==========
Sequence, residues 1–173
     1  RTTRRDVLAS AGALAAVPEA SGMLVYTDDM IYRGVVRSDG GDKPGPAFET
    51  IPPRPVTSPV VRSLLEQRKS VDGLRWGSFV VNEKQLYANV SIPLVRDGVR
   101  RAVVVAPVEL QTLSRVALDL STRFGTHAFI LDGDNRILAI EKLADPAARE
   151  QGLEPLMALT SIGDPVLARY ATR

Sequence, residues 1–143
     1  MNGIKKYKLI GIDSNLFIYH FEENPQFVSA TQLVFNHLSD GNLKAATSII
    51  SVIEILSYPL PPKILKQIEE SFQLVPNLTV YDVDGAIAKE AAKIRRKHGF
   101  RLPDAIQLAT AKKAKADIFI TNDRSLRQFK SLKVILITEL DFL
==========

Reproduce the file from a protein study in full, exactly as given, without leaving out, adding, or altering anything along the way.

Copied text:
Sequence, residues 1–173
     1  RTTRRDVLAS AGALAAVPEA SGMLVYTDDM IYRGVVRSDG GDKPGPAFET
    51  IPPRPVTSPV VRSLLEQRKS VDGLRWGSFV VNEKQLYANV SIPLVRDGVR
   101  RAVVVAPVEL QTLSRVALDL STRFGTHAFI LDGDNRILAI EKLADPAARE
   151  QGLEPLMALT SIGDPVLARY ATR

Sequence, residues 1–143
     1  MNGIKKYKLI GIDSNLFIYH FEENPQFVSA TQLVFNHLSD GNLKAATSII
    51  SVIEILSYPL PPKILKQIEE SFQLVPNLTV YDVDGAIAKE AAKIRRKHGF
   101  RLPDAIQLAT AKKAKADIFI TNDRSLRQFK SLKVILITEL DFL